Last July, sitting in Dras in the middle of a two-day celebration of India’s 1999 Kargil military victory, I was interviewing Lt Gen K.T. Parnaik, who leads the Indian army’s northern command. Among other issues, the general, one of the seniormost military leaders of the nation, spoke candidly of the 2010 unrest in Kashmir, the presence of Chinese troops in northern parts of Pakistan, India’s ongoing efforts to improve infrastructure along the China border and, towards the end of the interview, about the growing demands for the withdrawal of Indian troops from the Siachen glacier, the world’s highest battleground.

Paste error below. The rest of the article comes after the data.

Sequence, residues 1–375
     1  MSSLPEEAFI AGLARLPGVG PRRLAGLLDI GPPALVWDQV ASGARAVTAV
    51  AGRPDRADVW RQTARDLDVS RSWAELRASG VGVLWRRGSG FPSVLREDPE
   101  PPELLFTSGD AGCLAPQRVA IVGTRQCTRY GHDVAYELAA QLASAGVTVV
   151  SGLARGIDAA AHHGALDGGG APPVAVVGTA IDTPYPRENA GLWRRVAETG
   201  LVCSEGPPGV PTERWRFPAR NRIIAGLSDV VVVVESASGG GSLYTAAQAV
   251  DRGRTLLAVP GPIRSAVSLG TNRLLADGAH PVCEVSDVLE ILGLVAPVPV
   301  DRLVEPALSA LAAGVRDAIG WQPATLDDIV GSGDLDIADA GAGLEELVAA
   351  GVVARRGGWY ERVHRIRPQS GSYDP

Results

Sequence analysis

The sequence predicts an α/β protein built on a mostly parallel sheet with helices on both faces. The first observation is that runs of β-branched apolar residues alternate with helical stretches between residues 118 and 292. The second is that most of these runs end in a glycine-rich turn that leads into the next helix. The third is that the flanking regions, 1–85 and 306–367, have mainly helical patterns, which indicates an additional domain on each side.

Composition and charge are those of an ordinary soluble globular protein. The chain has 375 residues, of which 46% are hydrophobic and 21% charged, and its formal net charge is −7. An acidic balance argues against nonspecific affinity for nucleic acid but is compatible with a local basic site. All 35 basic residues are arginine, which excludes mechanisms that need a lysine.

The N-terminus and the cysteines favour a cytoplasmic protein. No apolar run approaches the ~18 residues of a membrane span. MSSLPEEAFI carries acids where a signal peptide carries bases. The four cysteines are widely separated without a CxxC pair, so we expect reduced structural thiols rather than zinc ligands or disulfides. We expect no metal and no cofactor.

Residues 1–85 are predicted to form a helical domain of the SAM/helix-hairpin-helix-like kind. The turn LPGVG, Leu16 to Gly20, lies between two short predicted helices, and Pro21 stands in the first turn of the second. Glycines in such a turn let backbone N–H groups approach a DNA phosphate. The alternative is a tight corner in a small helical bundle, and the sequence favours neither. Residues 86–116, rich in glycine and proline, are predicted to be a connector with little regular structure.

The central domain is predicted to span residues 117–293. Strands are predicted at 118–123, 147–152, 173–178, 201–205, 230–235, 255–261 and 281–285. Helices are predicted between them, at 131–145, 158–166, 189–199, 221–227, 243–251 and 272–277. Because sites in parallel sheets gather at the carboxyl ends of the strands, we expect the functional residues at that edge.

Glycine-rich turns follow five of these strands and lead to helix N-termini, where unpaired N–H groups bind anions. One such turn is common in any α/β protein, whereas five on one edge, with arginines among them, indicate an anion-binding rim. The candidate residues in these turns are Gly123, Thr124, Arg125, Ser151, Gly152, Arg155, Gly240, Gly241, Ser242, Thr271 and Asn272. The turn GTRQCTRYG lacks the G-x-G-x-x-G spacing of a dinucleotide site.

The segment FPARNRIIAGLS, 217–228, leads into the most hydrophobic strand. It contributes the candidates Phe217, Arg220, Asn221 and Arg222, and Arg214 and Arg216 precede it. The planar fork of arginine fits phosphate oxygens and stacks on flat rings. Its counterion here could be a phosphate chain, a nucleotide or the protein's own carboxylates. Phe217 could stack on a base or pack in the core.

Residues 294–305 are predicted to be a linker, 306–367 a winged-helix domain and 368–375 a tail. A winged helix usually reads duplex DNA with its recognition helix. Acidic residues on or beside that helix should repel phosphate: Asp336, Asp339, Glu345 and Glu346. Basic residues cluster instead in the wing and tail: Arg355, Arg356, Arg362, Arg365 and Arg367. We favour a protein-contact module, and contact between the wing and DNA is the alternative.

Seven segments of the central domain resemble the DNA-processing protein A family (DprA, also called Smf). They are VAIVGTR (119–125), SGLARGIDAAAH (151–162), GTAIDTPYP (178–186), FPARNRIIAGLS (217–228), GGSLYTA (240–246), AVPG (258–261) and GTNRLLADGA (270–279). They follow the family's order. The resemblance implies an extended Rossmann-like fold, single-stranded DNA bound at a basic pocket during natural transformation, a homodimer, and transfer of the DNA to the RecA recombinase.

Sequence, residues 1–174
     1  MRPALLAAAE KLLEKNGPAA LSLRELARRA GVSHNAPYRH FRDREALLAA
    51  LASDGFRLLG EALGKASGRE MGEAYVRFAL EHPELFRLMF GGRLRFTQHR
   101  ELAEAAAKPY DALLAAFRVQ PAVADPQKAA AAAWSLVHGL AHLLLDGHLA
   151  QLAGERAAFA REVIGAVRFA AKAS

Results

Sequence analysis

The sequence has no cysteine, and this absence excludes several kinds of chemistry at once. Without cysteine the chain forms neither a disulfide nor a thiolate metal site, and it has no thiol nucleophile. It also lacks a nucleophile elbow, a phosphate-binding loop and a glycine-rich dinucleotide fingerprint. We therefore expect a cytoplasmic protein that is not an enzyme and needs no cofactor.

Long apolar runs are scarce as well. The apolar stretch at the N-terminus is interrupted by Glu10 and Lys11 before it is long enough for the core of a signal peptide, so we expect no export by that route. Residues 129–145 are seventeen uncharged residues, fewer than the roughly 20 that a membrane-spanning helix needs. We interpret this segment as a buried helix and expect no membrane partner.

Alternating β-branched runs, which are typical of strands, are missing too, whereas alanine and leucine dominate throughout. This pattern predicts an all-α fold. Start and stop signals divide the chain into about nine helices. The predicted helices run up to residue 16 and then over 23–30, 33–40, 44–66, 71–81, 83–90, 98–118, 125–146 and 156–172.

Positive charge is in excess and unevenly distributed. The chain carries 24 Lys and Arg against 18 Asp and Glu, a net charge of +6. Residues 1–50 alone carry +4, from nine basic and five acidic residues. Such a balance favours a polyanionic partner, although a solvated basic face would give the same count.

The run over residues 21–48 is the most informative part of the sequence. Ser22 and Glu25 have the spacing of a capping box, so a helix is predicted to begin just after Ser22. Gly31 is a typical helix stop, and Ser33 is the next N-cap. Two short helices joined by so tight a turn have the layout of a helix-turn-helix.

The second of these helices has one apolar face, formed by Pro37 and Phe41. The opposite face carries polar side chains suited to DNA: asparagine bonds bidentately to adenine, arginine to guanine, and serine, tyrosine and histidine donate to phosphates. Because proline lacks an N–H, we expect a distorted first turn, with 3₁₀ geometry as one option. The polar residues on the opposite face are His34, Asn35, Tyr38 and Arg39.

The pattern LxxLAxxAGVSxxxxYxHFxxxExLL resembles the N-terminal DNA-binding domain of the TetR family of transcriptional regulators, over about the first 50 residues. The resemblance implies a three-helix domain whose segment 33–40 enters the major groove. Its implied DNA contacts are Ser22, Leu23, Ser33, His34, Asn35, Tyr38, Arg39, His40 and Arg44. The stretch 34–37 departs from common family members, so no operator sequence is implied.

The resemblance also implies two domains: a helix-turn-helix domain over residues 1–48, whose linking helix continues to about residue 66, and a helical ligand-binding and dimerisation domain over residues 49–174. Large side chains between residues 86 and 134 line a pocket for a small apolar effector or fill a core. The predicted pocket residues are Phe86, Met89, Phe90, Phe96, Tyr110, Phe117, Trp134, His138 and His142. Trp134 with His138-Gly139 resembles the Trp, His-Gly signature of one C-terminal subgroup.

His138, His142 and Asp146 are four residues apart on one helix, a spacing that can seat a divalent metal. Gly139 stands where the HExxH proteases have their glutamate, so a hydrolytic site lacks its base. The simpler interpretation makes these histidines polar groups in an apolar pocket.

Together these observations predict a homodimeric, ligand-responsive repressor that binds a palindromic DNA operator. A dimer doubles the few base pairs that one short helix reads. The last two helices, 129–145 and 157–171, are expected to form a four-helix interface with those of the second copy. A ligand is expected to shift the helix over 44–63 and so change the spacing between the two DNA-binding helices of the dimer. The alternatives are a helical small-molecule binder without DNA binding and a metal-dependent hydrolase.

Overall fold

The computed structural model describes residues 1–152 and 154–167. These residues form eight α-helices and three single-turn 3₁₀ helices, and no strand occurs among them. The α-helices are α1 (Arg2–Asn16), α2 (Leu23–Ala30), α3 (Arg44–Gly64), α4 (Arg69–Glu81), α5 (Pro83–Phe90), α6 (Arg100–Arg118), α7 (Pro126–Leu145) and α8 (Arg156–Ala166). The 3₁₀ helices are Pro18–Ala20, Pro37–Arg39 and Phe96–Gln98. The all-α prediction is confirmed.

One sentence in the general’s elaborate answer to the question on Siachen struck me as particularly significant. “Don’t forget, Kargil happened because of Siachen. Why did they do Kargil?” he asks. “If you peruse their records, which are now out in the public, one of the major objectives of what they did in Kargil was to force us to vacate the Siachen glacier. Now, if that is their intent and that is their credibility, it is up to you to judge whether we should be really vacating the glacier or not.”